Real Estate

RERA marred by patchy implementation in states: Niranjan Hiranandani

Anil Urs Bengaluru | Updated on January 09, 2020

Niranjan Hiranandani, Founder and MD, Hiranandani group

The Real Estate (Regulation and Development) Act (RERA), 2016, is a game-changing regulation for the real estate sector, but it is marred by patchy implementation, said Niranjan Hiranandani.

“In some states where the implementation is not at the level it should be, we see new real estate projects slipping through the regulatory net. It is similar to the challenge of GST and real estate: uniform implementation across different states is needed,” said Hiranandani, who is the National President of NAREDCO and is the co-founder and MD of Hiranandani Group.

In some states, we see that for projects under construction, data is being collected — but not being analysed or shared with all stakeholders. Information Technology (IT) needs to be leveraged, so that data is analysed, numbers are crunched — and the results are acted upon in form of guidelines or new norms to increase the positive effects of RERA.

Accessing information

“We also have a situation in some states where the implementation is not at the levels we would have expected. The problem here is the lack of informative and user-friendly on-line access for home buyers. So, we see in some states that periodic updates on part of the developers and also about some on-going projects are not available on-line,” said Hiranandani.

He added, “Ideally, the huge quantum of data already collected by regulatory authorities across states should be analysed efficiently and made available in simple to understand formats to stakeholders — especially home buyers — so that they are well informed and updated about the general scenario in their State’s real estate. The aspect of ‘information’ and of it reaching those for whom the regulatory regime sought to make these available is something that needs to be expedited in such states.”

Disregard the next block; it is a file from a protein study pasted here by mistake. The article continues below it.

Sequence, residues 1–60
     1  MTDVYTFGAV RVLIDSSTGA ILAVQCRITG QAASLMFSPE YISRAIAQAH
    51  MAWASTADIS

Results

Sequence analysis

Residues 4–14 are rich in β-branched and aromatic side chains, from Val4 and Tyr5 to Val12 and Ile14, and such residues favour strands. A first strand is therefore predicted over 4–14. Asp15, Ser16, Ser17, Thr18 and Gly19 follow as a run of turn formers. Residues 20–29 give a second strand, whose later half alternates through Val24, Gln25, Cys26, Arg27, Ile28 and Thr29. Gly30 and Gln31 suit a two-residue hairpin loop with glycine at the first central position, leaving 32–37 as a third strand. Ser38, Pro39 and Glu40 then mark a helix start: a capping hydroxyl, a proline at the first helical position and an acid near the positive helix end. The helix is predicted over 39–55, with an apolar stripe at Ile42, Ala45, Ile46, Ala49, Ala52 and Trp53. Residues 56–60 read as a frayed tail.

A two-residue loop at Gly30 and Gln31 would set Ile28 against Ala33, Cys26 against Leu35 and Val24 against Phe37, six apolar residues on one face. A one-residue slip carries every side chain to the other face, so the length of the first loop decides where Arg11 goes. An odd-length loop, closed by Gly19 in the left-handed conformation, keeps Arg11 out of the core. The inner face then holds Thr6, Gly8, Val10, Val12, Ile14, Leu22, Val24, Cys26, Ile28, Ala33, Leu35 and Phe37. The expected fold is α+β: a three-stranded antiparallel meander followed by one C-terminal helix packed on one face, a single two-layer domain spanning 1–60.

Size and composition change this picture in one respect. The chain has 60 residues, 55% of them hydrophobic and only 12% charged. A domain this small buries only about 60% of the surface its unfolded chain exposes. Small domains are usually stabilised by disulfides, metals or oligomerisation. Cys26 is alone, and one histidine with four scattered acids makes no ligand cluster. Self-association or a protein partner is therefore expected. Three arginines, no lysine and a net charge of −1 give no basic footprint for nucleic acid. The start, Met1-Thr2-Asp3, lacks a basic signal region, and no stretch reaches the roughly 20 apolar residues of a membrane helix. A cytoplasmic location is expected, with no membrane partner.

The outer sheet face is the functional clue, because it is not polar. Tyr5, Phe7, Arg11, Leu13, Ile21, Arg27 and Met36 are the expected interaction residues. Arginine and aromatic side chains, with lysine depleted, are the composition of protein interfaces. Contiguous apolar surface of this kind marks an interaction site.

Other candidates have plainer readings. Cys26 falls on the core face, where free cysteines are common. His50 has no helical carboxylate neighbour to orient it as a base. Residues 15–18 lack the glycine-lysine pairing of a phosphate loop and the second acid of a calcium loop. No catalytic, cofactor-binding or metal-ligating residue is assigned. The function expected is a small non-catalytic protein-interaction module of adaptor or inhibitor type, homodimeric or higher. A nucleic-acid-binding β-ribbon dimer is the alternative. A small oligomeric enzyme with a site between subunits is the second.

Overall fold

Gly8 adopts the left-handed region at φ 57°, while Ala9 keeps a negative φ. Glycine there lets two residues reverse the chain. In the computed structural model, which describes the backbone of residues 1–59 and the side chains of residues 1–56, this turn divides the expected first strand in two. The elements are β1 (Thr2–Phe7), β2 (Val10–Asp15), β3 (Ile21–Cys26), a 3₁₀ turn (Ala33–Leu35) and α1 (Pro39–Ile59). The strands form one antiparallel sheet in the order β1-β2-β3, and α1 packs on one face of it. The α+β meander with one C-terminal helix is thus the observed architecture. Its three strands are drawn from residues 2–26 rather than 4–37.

Hiranandani said that Maharashtra was “the poster-boy of the successful implementation of RERA”, adding, “There has been an additional layer added to the process in the form of a redressal forum, which seeks to provide an option prior to actually filing a dispute before MahaRERA. This has proven to be a success, with a success rate of over 60 per cent.”

‘Streamlined regulatory regime needed’

On the implementation of the Act, he said “In terms of different states having different set of market functioning — leading to different levels of implementation across states — needs to be streamlined into a single, functional regulatory regime that helps the industry grow in an environment of transparency and accountability on the part of stakeholders.”

On the whole, across the nation, the speed of implementation and extent to which RERA has noticeably impacted real estate varies; but the positivity it brings in is not in doubt. “There is need for an equal implementation across the nation with minor tweaks and changes to make what is accepted as ‘good’ to evolve into ‘better’ – and even, ‘best’,” he said.

Published on January 09, 2020

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